A dance is ephemeral, and so are we. It’s also beautiful, and so are we—in our being born, in our living, and in our dying.

This Gift We Are Living

Thanksgiving is probably the wisest of our national holidays. President’s Day can’t quite transform our outlook or way of approaching the world the way gratitude does.

Perhaps gratitude sparks such a profound shift because it puts us in touch with the truth that every moment and every molecule of this life are freely and mysteriously given to us. Here are a few of the innumerable things for which my heart breathes a deep thank you:

The repetitive and enduring nature of patience—all the times we choose not to take a mistake too seriously, every time we remember that people are more important than outcomes, each hopeful beginning again, the infinite grounding of the world in Mercy.

The expanse of Reality—the Earth, the sun, the Milky Way traveling through space at 1.3 million miles per hour, the billions of other galaxies shaped like ours, the personal imperfections we will never overcome, our incalculable and inexplicable generosity toward other beings, the presence of God in all of it.

The daily amazements—the cat’s ability to jump onto the countertop, the whir of the hummingbird’s wings, the welcome from the giant sycamore tree near the University Union, the refreshing burst of a good laugh, the reliable supply of food in the grocery store coupled with the economic means to purchase it.

This graced and charged existence we share—this breathing, this intertwining of lives, this shaping one another, this distinct being here amid the myriad possibilities that could have arisen.

The people who bless my life—family, friends, coworkers, writers who died years ago and left their thoughts behind, restaurant servers, my mechanic, you reading this.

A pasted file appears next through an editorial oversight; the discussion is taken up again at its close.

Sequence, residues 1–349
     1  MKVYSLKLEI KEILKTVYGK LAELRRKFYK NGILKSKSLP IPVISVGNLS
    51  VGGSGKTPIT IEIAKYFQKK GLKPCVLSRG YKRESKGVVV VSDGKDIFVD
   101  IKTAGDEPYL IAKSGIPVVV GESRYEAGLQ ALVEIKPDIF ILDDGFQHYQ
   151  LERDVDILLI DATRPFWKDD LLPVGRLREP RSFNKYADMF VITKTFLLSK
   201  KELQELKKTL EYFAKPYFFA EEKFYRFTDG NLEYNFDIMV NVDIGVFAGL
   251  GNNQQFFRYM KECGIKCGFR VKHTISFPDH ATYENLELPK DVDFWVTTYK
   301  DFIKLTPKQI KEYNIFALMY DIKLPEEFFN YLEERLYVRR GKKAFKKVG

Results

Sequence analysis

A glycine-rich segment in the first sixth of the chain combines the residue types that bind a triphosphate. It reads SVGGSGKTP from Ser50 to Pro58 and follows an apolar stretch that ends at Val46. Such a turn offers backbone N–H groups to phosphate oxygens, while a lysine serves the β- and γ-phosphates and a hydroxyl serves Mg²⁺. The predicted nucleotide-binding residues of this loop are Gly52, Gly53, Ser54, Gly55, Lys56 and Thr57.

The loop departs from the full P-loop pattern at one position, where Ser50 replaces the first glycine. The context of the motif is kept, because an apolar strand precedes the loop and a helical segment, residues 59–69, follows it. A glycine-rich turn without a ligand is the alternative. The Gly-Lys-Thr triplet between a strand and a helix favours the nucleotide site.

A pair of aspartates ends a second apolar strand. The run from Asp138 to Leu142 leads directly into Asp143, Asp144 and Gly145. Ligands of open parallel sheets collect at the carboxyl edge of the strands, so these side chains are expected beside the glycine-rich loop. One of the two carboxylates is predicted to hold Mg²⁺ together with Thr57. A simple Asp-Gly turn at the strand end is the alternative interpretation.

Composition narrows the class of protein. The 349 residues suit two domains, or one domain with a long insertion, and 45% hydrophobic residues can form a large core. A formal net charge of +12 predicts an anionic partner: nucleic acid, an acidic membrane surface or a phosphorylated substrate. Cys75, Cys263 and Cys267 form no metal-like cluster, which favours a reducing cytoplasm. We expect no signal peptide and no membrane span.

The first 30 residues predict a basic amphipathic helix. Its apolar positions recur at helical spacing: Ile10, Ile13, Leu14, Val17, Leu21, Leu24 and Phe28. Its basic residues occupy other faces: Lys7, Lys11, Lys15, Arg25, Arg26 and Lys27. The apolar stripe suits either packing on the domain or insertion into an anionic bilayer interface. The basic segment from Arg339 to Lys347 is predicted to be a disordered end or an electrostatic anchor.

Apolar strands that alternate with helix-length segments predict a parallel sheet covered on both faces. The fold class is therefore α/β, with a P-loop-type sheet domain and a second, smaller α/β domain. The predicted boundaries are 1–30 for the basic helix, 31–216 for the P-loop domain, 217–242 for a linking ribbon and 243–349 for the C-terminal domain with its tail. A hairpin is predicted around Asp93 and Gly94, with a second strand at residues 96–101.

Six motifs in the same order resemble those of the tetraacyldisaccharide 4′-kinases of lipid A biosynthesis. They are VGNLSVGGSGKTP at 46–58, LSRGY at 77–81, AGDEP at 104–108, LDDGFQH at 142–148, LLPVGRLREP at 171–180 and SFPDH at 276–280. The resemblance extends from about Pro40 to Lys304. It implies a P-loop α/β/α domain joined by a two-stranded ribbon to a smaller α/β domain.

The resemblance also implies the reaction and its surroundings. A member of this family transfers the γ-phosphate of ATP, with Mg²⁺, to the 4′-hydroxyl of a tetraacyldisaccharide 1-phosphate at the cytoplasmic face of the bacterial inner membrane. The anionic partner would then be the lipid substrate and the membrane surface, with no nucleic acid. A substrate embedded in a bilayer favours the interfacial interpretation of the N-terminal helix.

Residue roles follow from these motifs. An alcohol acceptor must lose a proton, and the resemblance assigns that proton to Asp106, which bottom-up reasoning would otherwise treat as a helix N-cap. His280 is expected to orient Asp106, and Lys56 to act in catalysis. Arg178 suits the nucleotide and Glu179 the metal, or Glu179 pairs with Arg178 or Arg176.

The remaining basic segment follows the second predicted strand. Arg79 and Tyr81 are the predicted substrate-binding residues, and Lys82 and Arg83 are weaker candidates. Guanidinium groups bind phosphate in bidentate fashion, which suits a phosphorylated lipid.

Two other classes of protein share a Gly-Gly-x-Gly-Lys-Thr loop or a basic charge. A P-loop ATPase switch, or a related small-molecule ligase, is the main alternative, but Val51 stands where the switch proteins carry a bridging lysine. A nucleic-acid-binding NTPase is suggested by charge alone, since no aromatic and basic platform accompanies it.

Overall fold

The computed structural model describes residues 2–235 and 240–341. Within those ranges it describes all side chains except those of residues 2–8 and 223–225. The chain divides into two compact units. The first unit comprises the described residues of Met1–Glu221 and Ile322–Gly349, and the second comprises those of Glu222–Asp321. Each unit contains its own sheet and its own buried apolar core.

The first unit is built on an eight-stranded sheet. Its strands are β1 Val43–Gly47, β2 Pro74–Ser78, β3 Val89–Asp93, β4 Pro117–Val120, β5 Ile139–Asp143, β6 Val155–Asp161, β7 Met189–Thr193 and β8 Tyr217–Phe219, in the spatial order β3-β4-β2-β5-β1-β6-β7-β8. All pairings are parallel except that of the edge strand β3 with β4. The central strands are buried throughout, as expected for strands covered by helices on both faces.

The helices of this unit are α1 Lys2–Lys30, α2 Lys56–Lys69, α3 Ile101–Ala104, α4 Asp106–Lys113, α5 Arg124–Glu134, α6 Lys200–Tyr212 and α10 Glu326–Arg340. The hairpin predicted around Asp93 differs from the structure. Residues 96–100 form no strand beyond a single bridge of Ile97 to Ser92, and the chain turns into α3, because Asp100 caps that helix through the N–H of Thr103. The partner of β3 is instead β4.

Happy Thanksgiving. May we all live in the wonder of this gift of existing.

What Are the Odds?

I often choose to be annoyed by the tag line people attach to this or that online profile, but a few weeks ago, I saw one I liked: “Just to live is holy. Just to be is a blessing.”

A friend at work recently said that he often thinks about how huge the odds against his existence are. I once heard that if the timing at the Big Bang had been off by a trillionth of a second, particles would never have formed, much less stars, planets, and living beings. (This is one of those “I heard it somewhere” scientific facts rather than my usual “thoroughly researched on Google” scientific facts.)

He pointed out that you don’t have to get cosmic to be boggled by your good fortune. You only have to go a few branches back in your family tree because all of these people throughout history had to not only meet but also get together and feel frisky at an exact moment for your genome to come into existence. Not to mention all the twists and turns evolution didn’t take.

And then he said, “And what do we do with it? Play video games.” My internal response to this kind of reminder used to be, wow, I really need to change what I do. But trying to force myself to change my actions through guilt and mental chastisement has never really worked. The more effective question for me right now is “How do we do whatever we’re doing?”

If I could wake up every morning wildly grateful for and astonished by my existence, if I could maintain that reverence and wonder throughout the day whether I was doing dishes, working, or playing video games, I think my actions would change effortlessly, as a natural extension of my approach to life. If, with the psalmist, I could remember to sing, “I praise you, Lord, for I am wonderfully made,” I might start to do more of what I was made to do.